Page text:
National FFA Organization Names South Dakota Resident 2016 American Star in Agriscience Finalist


For as long as she can remember, Elizabeth Renner of Crooks, S.D., has been fascinated by the critters that inhabit aquatic areas. In fact, the West Central FFA member fondly recalls exploring the fields and streams in her area and examining all of the different insects and organisms.

Her love for scientific research continued to grow as she became older, and today, she has been named a 2016 finalist for the American Star in Agriscience, one of the most prestigious honors awarded to a student by the National FFA Organization.

Renner’s first opportunity to do scientific research on aquatic organisms came through her involvement in an FFA Agriscience Fair during her freshman year. Her scientific explorations continued through high school and even included an internship with USDA’s Natural Resources Conservation Service.

Following her freshman year in college, she conducted research with a professor on historic plant communities to see how ecosystems changed following the arrival of European settlers. During the summer of her sophomore year, she conducted stream surveys at bridge and box culvert construction sites for the South Dakota Department of Transportation.

She followed this experience by working in a stream ecology laboratory at an Alaskan nonprofit dedicated to protecting salmon streams within the Cook Inlet watershed. Today, the Augustana University senior plans to study how climate change influences stream organisms.

She plans to earn a doctorate in aquatic ecology and conduct research on aquatic ecosystems as an environmental consultant to federal agencies such as the U.S. Fish and Wildlife Service and the Environmental Protection Agency. She also feels called to educate the general public about the importance of aquatic organisms and wetlands for the health of communities.

Each year at the National FFA Convention & Expo, four FFA members are honored with American Star Awards for outstanding accomplishments in FFA and agricultural education.

The American Star Awards, including American Star Farmer, American Star in Agribusiness, American Star in Agricultural Placement and American Star in Agriscience, are presented to FFA members who demonstrate outstanding agricultural skills and competencies through completion of a supervised agricultural experience. A required activity in FFA, an SAE allows students to learn by doing, either by owning and operating an agricultural business, working or serving an internship at an agriculture-based business or conducting an agriculture-based scientific experiment and reporting results.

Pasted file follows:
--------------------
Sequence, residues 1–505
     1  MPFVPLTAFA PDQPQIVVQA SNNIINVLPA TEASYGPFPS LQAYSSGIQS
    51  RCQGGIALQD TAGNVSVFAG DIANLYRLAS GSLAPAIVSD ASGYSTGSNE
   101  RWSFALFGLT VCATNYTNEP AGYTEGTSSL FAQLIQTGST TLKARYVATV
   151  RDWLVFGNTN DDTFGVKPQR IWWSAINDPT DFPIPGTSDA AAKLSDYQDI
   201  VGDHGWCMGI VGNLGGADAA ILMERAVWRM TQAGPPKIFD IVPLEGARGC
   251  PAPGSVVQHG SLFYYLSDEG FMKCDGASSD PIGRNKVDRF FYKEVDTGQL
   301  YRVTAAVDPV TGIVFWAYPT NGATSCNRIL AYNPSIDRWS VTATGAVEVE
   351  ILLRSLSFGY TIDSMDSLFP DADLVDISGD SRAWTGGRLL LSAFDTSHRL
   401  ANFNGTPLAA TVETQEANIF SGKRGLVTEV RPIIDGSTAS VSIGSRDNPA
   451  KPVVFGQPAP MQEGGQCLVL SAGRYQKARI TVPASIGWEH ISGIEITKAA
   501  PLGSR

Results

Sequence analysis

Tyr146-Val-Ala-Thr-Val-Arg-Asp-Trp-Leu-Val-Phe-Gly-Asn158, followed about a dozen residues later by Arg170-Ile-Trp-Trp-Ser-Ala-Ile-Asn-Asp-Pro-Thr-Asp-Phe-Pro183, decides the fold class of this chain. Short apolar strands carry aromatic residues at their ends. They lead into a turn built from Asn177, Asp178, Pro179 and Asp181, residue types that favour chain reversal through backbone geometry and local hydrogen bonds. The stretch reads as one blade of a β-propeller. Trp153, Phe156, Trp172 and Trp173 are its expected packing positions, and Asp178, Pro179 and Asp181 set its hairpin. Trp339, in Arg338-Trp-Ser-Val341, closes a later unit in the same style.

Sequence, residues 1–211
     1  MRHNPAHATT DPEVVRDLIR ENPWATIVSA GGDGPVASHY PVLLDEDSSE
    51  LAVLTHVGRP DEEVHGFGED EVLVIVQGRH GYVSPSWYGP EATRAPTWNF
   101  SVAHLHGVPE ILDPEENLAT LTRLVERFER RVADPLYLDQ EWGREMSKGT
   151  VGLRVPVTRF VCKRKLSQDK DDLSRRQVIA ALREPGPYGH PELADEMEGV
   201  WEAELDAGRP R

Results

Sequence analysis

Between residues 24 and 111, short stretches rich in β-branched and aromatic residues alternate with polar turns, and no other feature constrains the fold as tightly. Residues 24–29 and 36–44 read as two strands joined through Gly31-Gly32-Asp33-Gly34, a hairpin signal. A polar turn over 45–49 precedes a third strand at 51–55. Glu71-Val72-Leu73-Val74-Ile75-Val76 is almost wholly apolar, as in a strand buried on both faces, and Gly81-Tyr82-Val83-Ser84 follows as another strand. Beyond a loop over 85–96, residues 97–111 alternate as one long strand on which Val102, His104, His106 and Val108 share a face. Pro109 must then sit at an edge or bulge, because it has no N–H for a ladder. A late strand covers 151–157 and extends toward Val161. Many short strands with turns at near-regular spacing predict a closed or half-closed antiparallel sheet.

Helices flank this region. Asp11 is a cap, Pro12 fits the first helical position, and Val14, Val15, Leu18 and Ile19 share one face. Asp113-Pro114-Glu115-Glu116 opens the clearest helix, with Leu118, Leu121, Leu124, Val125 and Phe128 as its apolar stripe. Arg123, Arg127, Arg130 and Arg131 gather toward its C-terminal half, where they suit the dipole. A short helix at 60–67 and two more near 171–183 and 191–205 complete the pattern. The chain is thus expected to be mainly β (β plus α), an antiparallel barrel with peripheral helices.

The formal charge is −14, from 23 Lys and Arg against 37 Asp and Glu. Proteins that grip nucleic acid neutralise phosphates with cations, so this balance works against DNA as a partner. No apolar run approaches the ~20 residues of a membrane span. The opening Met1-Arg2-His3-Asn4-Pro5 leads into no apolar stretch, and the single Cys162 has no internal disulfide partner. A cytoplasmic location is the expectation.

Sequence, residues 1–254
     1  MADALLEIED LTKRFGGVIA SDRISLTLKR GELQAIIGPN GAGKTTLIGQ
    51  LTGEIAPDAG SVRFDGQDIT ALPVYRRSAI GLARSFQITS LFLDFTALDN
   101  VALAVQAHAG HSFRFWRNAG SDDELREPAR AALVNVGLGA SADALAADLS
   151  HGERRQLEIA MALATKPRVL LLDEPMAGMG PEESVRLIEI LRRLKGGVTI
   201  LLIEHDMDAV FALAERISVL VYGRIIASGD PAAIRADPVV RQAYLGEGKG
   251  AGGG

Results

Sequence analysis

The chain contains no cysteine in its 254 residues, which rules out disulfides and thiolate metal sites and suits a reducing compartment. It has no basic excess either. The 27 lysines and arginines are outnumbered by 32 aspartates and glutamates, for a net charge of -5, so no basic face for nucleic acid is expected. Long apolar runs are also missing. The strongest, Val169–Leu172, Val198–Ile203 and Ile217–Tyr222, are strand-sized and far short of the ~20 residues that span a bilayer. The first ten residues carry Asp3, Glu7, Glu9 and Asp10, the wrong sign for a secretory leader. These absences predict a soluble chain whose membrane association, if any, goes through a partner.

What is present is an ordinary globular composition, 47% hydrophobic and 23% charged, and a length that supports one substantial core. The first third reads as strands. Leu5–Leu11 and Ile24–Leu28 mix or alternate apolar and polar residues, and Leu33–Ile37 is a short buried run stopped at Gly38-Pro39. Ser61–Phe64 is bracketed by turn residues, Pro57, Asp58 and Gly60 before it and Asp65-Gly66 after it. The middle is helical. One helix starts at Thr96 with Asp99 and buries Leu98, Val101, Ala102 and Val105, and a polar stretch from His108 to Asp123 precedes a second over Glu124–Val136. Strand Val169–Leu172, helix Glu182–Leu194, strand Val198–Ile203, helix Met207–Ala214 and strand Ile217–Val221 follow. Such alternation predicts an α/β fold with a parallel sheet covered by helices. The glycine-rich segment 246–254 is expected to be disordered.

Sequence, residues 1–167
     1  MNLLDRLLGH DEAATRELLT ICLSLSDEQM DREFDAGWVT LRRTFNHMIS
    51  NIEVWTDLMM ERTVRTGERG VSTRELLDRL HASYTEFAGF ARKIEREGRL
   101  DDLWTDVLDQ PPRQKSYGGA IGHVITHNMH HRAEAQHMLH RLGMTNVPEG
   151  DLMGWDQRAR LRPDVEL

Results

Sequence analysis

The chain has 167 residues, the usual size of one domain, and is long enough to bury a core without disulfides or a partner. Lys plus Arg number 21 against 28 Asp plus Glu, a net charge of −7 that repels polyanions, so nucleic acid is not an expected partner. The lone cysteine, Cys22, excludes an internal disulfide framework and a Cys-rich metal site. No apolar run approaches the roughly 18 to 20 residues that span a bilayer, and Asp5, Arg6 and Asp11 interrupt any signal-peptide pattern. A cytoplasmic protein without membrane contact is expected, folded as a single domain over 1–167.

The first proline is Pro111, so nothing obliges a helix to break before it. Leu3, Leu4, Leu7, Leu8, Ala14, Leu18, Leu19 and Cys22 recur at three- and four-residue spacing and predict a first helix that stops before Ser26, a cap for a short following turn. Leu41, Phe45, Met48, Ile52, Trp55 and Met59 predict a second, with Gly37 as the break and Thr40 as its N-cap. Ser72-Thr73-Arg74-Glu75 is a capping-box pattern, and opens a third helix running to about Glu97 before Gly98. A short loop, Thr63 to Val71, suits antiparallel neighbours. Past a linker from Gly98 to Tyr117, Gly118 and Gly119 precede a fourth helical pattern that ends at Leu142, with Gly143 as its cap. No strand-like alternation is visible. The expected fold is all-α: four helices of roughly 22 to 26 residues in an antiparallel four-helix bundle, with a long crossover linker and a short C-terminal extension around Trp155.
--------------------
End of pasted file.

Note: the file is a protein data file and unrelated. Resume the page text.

Other requirements to achieve the award include demonstrating top management skills; completing key agricultural education, scholastic and leadership requirements; and earning an American FFA Degree, the organization’s highest level of student accomplishment.

Sixteen American Star Award finalists from throughout the U.S. are nominated by a panel of judges who then interview the finalists during the national convention and expo. Four are named winners and receive cash awards totaling $4,000. All American Star finalists receive a $2,000 cash award. The American Star Awards are sponsored by ADM Crop Risk Services, Case IH, Elanco Animal Health, Farm Credit and Syngenta as a special project of the National FFA Foundation.

Judging will occur in Indianapolis during the 89th National FFA Convention & Expo, Oct. 19-22, with the winners being announced during an onstage ceremony on Thursday, Oct. 20.

Renner is the daughter of Tim and Karin Renner. She is a member of the West Central FFA Chapter, led by advisor Linda Petersen.

The National FFA Organization provides leadership, personal growth and career success training through agricultural education to 629,367 student members who belong to one of 7,757 local FFA chapters throughout the U.S., Puerto Rico and the U.S. Virgin Islands.

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